MageCart group hacked Claire’s and Icing websites to steal credentials

Web skimmers have been found leaking customers credentials and credit cards on Claire’s and Icing websites

MageCart attack over online shops

MageCart attack over online shops

Clair’s – an American retailer of accessories, jewelry, toys, and other products aimed at teen and tween girls has been attacked by an infamous hacking group dubbed as MageCart[1]. According to the security researchers from Sansec[2], the retail giant that has 3,469 stores in 37 countries and billions of buyers all across the globe has been hacked on April 20 by the mentioned persistent stealing group that has been leaking customer’s payment information from the official retailer’s website for nearly two months. 

According to the researchers from the Sansec Security report, the MageCart attack took the start at the end of April when the Clair’s closed down over 3,000 stores due to the worldwide COVID-19 pandemic[3]. The skimmers injected the malicious JavaScript scripts into the diverse sections of Clair’s website and harvest credit card details, names, and other confidential information about the visitors of the store who made the purchase up until June 13. 

The subsidiary Icing web store has also experienced Magecart attack

The data has been skimmed for nearly two months. Having in mind that the previous two months have been announced a quarantine period in many countries all across the world resulting in a significant increase in online sales, the numbers of skimmed credentials can be outstanding. 

The actual damage will be revealed upon the investigation. However, cybersecurity experts revealed that Clair’s website hasn’t been the only one attacked by the MageCart gang. The subsidiary site Icing. Both domains have been compromised by injection malicious JavaScript codes, which allowed scammers to read the information that the visitors of the two online shops enter during the checkout and send it to the server.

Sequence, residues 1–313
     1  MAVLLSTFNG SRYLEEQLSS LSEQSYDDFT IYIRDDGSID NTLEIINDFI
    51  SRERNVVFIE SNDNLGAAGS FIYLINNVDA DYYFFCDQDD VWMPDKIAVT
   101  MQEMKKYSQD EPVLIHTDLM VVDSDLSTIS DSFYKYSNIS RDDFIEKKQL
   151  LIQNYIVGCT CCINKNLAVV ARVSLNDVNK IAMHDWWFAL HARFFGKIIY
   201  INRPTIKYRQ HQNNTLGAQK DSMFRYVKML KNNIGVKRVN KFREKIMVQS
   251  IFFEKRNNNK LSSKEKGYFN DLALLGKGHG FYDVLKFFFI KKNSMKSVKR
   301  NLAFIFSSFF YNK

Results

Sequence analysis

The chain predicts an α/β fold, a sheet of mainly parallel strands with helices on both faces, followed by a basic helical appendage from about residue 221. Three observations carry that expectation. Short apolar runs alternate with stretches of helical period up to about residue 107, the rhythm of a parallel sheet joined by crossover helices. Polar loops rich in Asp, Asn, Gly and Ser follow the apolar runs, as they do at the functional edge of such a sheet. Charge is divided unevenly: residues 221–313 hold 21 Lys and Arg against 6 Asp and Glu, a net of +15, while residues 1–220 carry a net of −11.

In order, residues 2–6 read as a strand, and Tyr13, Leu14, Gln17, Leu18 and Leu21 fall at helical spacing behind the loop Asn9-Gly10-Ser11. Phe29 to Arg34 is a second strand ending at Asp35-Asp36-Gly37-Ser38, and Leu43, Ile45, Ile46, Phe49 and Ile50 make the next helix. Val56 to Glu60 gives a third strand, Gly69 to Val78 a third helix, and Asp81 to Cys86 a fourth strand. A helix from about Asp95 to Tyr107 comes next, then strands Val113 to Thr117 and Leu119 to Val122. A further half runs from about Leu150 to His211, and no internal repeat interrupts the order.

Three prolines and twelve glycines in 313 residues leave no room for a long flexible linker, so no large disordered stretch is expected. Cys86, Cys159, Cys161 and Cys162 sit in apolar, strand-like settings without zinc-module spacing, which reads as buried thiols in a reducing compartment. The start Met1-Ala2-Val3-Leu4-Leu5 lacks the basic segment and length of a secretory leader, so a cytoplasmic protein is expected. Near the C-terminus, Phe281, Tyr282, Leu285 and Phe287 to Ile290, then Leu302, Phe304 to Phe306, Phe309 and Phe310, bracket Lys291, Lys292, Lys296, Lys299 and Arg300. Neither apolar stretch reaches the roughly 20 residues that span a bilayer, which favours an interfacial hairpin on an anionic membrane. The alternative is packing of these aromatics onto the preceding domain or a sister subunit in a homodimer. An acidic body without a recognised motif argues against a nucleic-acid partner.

According to the Sanguine Security’s Willem de Groot, the suspicious behavior has been noticed on March 20th, the next day after the closeup of the physical Clair’s stores. The unrecognized third-party registered a domain CLAIRES-ASSETS.COM. Four weeks later, the researchers found a malicious code added to the app.min.js file, which is normally a legitimate file hosted on the servers of these stores. 

Clair’s was quick to respond to the issue and took immediate action to remove the malicious code from its domains. The company’s spokesperson replied to the Sanguine security team:

Claire’s cares about protecting its customers’ data. On Friday, we identified an issue related to our e-commerce platform and took immediate action to investigate and address it. Our investigation identified the unauthorized insertion of code to our e-commerce platform designed to obtain payment card data entered by customers during the checkout process. We removed that code and have taken additional measures to reinforce the security of our platform. 

ESET found a skimmer on several Intersport websites

The security firm ESET has confirmed yet another skimming attack by the MageCart scammers impacting some of the Intersport websites[4]. This retailer is known as one of the biggest retailers providing sport-related products, clothes, and equipment. 

The close analysis has revealed that only customers in 6 countries out of 40 are at risk of having exposed their credit card details and other PII while making the purchases. These countries are the following: Croatia, Serbia, Slovenia, Montenegro, and Bosnia and Herzegovina.

MageCart attack over the mentioned Intersport websites has been revealed on April 30. The security experts of the company eliminated the malicious Javascript codes, though hackers re-attacked these domains on May 14. It seems that all the street stores (Clair’s, Icing, and Intersport) are hosted on the Salesforce Commerce Cloud, the eCommerce platform that is known for providing the services to many online stores all over the world. Identical attacks have previously been initiated in the UK online shop known as Sweaty Betty and Hanna Andersson, thus experts are actively working on identifying the causes and clarify if the Salesforce isn’t guilty of the poorly protected domains. 

However, it’s a fact that scammers are forensic as they have predicted a huge increase in online shopping during the pandemic[5]. This is why the malicious codes have been injected at the same time when countries have started announcing the quarantine one-by-one. 

People who have been making purchases on the listed online stores during the period from March 20 until June 13 should take precautionary measures to prevent unauthorized transactions from the bank accounts.